Eight Rules for Taming your Email

Effective email management was not something that we were taught in school, yet it is an essential skill for making the best use of our time and staying on top of our ever-increasing workload.

The great news is, you are the only one in control of your Inbox – you have all the power. All it takes is just a few rules and a teeny bit of self-discipline.

Here are 9 simple rules for whipping your Inbox into shape.

  1. Review company policy – You will need to understand your company policy on email management and archiving important company information to ensure that management of your Inbox meets company guidelines.
  2. Unsubscribe from non-essential newsletters – Take 60 seconds to unsubscribe from e-newsletters that add no value, especially the ones that you automatically delete as soon as they come in anyway. Of course, this does not include CCiNZ – click here to see our latest one.
  3. Using Mail Folders effectively – Avoid using mail folders purely as dumping grounds or storage facilities. Create folders that match the various aspects of your work, then quickly scan new emails and file them accordingly. Allocate time in your diary to action the emails in each folder regularly, focusing your mind in one direction instead of continuously flitting from one subject to the next. 
  4. Archive information to company files – Save important emails to relevant subject folders in My Documents or in your company document management system (EDMS). Alternatively, print and file them in hard copy folders – whatever is relevant to your company policy. Simply shifting emails to a mail folder is akin to shifting a pile of paper around on your desk. If it’s important to keep, get it off your desktop and into your company’s archives.
  5. Actioning emails – Treat emails like paper:  read them and action them in one of four ways:  (1) respond (2) bin (3) archive or (4) assign it to a mail folder to address at a specific time. Be ruthless and only store what’s critical. Get rid of it if you (a) don’t need to action it (b) can’t think of a reason you’d need to refer to it again and think carefully about whether you actually need to keep it if you are (c) cc’d or copied in on it.
  6. Diary email time – There are two types of time that you should diary for dealing with emails:  (1) time to organise your new emails (2) time to action emails in your mail folders.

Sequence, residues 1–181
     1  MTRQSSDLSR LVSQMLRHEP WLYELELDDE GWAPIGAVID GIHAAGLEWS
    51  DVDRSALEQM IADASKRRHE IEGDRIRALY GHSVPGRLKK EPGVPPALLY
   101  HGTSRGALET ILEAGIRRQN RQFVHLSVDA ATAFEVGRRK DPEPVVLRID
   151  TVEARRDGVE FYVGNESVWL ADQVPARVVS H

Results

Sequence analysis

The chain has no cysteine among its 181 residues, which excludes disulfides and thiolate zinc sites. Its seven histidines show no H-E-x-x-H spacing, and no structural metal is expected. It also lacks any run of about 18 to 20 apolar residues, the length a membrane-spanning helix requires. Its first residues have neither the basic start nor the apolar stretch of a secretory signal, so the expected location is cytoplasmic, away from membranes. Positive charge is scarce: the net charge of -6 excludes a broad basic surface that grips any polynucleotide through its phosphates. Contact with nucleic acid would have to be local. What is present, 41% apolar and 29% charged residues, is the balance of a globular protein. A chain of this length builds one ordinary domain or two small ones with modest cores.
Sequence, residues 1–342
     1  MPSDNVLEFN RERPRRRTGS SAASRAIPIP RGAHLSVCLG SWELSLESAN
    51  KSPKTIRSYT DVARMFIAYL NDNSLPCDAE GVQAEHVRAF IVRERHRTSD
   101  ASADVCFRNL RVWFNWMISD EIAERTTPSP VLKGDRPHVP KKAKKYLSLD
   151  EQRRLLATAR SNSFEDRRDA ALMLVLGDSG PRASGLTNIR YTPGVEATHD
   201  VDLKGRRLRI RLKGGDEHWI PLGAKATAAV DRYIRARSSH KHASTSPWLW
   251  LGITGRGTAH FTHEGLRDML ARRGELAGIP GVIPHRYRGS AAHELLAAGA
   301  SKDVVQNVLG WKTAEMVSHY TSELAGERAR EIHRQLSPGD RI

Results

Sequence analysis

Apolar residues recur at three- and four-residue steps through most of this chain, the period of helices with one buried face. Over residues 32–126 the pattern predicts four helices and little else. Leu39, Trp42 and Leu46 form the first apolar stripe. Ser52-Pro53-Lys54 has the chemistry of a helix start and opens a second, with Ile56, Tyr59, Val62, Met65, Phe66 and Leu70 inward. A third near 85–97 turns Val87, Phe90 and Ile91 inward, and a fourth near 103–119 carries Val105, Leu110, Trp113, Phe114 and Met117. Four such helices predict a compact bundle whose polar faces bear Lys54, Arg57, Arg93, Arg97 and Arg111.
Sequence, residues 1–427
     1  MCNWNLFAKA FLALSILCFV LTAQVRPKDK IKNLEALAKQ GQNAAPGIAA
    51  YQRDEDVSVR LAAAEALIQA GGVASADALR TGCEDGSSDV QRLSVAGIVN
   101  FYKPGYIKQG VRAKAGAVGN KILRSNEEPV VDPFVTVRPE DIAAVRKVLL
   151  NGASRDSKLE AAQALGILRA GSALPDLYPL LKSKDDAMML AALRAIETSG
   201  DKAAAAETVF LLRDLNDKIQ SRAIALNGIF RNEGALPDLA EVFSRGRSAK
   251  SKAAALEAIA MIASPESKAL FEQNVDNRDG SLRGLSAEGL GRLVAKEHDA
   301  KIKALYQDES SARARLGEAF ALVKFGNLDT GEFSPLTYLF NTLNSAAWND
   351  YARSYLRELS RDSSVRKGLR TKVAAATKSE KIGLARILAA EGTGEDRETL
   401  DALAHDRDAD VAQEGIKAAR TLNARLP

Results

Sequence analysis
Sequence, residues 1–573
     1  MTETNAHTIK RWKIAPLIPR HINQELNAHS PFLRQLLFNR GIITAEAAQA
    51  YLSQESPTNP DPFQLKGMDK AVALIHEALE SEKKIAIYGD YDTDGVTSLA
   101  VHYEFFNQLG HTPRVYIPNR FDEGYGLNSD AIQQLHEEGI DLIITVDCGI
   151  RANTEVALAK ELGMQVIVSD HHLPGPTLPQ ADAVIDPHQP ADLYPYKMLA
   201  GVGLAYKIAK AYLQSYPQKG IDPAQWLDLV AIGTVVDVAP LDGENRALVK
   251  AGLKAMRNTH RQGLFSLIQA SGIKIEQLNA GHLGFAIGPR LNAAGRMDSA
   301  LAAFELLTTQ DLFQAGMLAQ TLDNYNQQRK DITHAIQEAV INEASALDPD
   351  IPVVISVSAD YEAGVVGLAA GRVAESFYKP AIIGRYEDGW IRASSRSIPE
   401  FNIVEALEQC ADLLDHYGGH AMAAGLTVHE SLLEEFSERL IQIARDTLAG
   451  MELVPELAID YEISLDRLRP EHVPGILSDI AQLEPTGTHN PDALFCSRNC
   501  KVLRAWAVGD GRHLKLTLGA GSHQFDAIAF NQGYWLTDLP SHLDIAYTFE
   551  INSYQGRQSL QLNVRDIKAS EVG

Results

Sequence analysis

7. Clear out your Inbox – Now that you have a system established and rules for taming the Email Monkey, take time away from distractions to organise what’s currently in your Inbox. Skim each email that is currently in your Inbox and ruthlessly apply your new system by actioning points 1-5 above.
  8. Train your senders – Now that you’re organised, train those who send you email – with the possible exception of your manager! It sounds hard, but it’s really not. Here are some easy tips for the common offenders:
    • Teach your team and colleagues to become more discerning about what emails they copy you into. Each time someone copies (cc) you on something unnecessarily, politely let them know they do not need to include you on emails about that subject or that type of action.
    • When someone marks something urgent because they have left things too late, action it if you can, but let them know that this caused you difficultly and that you will unlikely be able to drop things again to help in the future.
    • Respectfully ask to be taken off joke email distribution lists. You’ll get more of a kick out of keeping your Inbox clear and staying on top of your To Do list than wasting precious time reading jokes.
    • Coach long email writers to keep things simple, by keeping things simple yourself. Consider how you write each email, deliver the key points only and highlight any action required. If background information is required, attach it. You’ll notice that if you take the minimalist approach, so will they – over time.
    • And then there is the golden rule for any manager – delegate. Delegating the tasks that you can to your team provides them with the opportunity to perform and clears your deck so that you have time to support and manage your team. It’s a win-win!

If you are a Smartphone user or someone who regularly checks emails after hours, then the final tip is for you:

9.  Address emails during work time – Radical as this may seem, taking time out from work is a good thing. It gives you time to rest your mind and regenerate, preparing you to take on the challenges that will come with the following day. Set your phone to update emails during your work hours only, so that you no longer receive the regular beep of new emails that you cannot possibly resist looking at.

This last tip may just be one of the most challenging, but remember, it should not be expected that you will respond to non-urgent emails after hours. If you regularly receive emails for action after hours, then you may have already set that expectation.

Change the status quo now and ease your senders into the new routine by setting an Out of Office message advising them that you have left for the day and provide a number that you can be contacted on for emergencies. That way, you know that you will be called if something truly requires your attention and you can truly relax after hours.

Self-discipline is truly the key and these simple rules provide you with a roadmap for effective email management.

Be ruthless in applying these rules in line with your company policy and tame your email quick smart!

By Angela Shaw, CCiNZ